Gospel Gazette Online
Vol. 15 No. 10 October 2013
Page 2

Editorial

To Drink or Not to Drink

Louis RushmoreWhat has God revealed in His Word, the Bible, about the consumption of alcoholic beverages? What English words in our Bible translations identify alcoholic drinks? The word “wine” is represented in the Bible by 10 He­brew and 3 Greek words. Sometimes “wine” means first fruits that are ripe first (Numbers 18:12-13). It can mean the cluster of grapes (Isaiah 65:8). Wine can refer to raisins (Hosea 3:1 ASV). Sometimes it equals the winepress (Nehemiah 13:15). Wine can be grape juice (Isaiah 16:10; Proverbs 3:10), or it can refer to alcoholic wine (Genesis 9:21).

The context is the overriding factor determining the definition of both the Hebrew and Greek words for wine. Since the words for “wine” do not indicate either an alcoholic or a non-alcoholic state by definition, only by examining the context can one determine which is meant.

There are two categories of “wine” as far as God is concerned – what He approves and what He disapproves. The simplest and most reasonable conclusion is that non-alcoholic references go in the “approves” column. Therefore, the references that are alcoholic belong in the “disapproves” column. Closer examination of the respective passages shows this to be the case. In addition to some occasions of the word “wine,” every occurrence of “strong drink” is condemned in Scripture.

Due to limited space, we concentrate herein on biblical references in the New Testament. That is appropriate since the New Testament alone is the covenant of God by which everyone now living is bound (Romans 7:6-7; Ephesians 2:15; Colossians 2:14) and will be judged (2 Corinthians 5:10).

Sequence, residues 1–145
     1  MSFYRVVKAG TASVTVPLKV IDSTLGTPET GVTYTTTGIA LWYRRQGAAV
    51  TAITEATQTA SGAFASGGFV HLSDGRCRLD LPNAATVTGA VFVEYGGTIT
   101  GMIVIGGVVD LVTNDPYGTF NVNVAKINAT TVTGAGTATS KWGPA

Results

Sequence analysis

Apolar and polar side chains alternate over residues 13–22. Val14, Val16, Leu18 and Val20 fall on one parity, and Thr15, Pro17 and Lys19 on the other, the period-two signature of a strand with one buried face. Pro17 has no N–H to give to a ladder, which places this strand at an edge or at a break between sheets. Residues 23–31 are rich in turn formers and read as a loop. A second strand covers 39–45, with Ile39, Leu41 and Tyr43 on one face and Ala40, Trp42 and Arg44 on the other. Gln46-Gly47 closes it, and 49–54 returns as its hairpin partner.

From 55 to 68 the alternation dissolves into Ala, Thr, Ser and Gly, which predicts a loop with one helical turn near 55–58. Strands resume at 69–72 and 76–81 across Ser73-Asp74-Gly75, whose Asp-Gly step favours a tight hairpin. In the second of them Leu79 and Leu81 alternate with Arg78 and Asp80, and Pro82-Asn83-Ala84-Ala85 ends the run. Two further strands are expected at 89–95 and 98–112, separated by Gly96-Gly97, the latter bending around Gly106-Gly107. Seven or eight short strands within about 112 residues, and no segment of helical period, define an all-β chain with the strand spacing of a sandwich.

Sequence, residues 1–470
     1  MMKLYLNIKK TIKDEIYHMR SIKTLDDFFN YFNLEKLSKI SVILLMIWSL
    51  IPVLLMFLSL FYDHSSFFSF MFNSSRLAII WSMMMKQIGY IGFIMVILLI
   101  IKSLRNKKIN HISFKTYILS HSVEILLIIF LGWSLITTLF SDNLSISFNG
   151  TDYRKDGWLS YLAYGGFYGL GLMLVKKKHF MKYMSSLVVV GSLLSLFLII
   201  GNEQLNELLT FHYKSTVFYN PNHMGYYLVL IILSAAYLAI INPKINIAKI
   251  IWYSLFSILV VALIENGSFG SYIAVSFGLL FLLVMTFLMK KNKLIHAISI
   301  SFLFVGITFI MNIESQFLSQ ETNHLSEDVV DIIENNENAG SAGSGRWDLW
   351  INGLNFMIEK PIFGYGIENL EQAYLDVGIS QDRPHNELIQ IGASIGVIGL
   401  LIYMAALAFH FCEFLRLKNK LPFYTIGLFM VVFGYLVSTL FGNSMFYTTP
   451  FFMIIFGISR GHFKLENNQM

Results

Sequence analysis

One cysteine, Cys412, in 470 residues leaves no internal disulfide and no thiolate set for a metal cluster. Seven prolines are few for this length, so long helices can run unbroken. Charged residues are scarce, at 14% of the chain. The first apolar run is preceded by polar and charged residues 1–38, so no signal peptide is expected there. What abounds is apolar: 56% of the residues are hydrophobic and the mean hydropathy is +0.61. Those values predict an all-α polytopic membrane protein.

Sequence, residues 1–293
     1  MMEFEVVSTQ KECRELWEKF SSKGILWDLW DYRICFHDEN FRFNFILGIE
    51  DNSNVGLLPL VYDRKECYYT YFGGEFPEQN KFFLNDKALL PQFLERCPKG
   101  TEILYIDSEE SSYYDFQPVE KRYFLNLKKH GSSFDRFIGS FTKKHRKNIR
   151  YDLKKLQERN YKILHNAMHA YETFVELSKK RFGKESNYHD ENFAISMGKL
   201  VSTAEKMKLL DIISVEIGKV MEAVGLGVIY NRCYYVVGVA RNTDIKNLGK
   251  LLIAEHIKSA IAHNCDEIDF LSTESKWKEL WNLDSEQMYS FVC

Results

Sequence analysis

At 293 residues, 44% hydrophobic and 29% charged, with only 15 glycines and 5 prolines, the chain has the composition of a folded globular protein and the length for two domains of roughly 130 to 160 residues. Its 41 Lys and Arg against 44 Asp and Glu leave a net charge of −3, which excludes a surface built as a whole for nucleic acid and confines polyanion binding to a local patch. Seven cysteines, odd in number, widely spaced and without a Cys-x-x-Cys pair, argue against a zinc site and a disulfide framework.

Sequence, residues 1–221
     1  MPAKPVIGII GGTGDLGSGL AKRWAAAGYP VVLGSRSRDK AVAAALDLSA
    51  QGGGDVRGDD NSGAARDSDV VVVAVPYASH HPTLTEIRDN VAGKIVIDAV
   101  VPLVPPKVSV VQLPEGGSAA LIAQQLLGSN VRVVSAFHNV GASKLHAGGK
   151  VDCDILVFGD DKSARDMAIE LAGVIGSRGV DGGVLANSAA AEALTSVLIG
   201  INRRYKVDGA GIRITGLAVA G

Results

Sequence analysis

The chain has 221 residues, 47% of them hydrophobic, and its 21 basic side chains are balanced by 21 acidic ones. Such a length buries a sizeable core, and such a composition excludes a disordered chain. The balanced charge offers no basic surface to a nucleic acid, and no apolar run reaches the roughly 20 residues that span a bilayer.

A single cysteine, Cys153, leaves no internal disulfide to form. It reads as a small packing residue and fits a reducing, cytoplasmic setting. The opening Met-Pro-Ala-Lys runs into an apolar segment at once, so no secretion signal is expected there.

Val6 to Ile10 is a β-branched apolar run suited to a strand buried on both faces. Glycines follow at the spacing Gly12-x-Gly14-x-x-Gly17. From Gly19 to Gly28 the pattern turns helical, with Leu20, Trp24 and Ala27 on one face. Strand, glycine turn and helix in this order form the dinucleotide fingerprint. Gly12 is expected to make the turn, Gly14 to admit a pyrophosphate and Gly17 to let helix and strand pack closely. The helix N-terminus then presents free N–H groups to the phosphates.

The New Testament teaches sobriety in a number of passages (1 Thessalonians 5:6-8; 1 Peter 1:13; 4:7; 5:8). The word translated “sober” in each case here means to refrain from alcoholic wine. So, in addition to the negative, prohibitive teachings against the use of alcohol as a beverage, these passages result in teaching the same truth from positive instruction.

Clearly, “drunkenness” is sinful (1 Corinthians 6:10; Galatians 5:21), but when is one drunk? So-called social drinkers often split hairs on this subject. Both definitions of original language words and definitions for the English words “drunk” or “drunkenness” mean “intoxication.”

Drunkenness involves various stages of drunkenness or intoxication, but intoxication (drunkenness) begins with the first introduction of alcohol into one’s body; one drink drunk is true physiologically and more importantly biblically, too. Therefore, Ephesians 5:18 definitively teaches against consuming alcohol. “And be not drunk with wine, wherein is excess; but be filled with the Spirit” (KJV). The Greek verb tense in this verse teaches not to engage in the process of drunkenness, which means to refrain from the first drink.

Defenders of alcoholic drinks characteristically resort first to Jesus making “wine” at a marriage feast, and they attempt to make it a proof text in defense of social drinking. Besides the condemnation of alcoholic wine in the Bible noted already, consider the grave ramifications of supposing that our Savior made and provided alcoholic drink to the partiers (John 2:1-10).